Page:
This letter will be published in the Times Northwest Voices Website and possibly in the print edition Friday.
Will Puget Sound be the next Prince William Sound, or worse?
On the 23rd anniversary of the Exxon Valdez spill, it’s scary to reflect on the increased oil tanker traffic in Puget Sound. A spill raises grave concerns for the health of our already struggling salmon and shellfish industries, and will have devastating impacts on tourism, shipping and real estate values.
Our state Ecology Department has determined that a major spill would cost Washington’s economy $11 billion and adversely effect 165,000 jobs.1 But even these numbers may vastly underestimate the actual costs when we add tar sands oil to the mix.
Traditional spill response will be far from adequate to deal with tar sands. Being heavier than conventional oil sources, they sink, not float, so current surface methods of containment are inadequate. A July 2010 spill of tar sand oil into the Kalamazoo River has so far resulted in $750 million in cleanup costs; 10 times the cost per liter of traditional oil. 2 Two years later, the cleanup continues, for 35 miles the river remains closed, and people’s homes along the river have been abandoned for health reasons and bought out by the oil company.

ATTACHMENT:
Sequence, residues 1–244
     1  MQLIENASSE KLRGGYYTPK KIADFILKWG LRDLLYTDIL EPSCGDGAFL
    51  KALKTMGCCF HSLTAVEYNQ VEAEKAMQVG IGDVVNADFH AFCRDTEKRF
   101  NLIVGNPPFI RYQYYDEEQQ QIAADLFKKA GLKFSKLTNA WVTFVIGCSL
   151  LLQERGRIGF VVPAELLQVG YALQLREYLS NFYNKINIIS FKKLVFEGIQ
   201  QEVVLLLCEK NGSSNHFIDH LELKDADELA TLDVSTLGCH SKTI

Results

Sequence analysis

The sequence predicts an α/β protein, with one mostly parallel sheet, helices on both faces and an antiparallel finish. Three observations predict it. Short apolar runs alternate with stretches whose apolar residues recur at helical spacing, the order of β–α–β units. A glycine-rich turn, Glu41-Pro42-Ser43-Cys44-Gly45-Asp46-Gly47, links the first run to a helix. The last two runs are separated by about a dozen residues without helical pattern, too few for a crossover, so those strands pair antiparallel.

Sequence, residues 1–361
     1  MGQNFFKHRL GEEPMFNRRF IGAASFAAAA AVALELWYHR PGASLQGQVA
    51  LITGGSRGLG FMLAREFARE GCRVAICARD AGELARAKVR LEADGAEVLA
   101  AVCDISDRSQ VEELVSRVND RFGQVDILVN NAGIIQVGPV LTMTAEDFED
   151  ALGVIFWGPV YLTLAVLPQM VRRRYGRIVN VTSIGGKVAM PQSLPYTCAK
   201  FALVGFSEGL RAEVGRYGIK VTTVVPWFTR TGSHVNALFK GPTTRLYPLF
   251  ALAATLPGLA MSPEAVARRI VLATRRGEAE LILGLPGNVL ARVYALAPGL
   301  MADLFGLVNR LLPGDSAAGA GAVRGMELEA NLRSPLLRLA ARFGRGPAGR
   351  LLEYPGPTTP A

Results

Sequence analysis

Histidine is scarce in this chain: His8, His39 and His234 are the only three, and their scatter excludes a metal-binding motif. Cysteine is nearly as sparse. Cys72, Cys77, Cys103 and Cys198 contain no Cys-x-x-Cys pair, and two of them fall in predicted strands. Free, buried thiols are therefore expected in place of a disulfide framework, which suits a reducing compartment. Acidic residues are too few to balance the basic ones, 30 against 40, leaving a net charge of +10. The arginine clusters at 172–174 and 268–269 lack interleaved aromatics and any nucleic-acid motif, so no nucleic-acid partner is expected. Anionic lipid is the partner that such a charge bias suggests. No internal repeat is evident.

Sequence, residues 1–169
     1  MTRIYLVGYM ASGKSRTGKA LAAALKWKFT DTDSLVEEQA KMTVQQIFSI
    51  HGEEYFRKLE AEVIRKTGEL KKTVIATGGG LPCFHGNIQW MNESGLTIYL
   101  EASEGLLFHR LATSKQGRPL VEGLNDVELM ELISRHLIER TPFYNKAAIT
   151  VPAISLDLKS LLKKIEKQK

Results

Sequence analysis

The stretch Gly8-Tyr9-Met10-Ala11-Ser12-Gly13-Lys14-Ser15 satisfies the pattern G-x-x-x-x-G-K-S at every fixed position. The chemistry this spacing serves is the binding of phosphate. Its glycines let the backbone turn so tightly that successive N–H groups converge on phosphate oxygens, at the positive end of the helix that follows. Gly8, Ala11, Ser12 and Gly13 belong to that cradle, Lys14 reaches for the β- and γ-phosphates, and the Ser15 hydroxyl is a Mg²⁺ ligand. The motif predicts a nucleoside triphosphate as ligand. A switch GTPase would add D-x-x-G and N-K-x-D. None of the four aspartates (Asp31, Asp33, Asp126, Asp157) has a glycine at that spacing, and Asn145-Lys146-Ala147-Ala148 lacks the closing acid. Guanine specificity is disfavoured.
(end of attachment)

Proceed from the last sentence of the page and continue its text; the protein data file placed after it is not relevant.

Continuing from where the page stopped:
Picture if you will, the devastation, the permanent devastation, that this event will have on our spectacular Puget Sound environment and regional economy. Kalamazoo was only 840,000 gallons, Exxon Valdez over 11 million gallons. Sooner or later, a tanker spill will occur in Puget Sound.
It’s just crazy to allow this dirty oil into our Sound. Keep tar sands oil out of Puget Sound.
David Wilbur, Seattle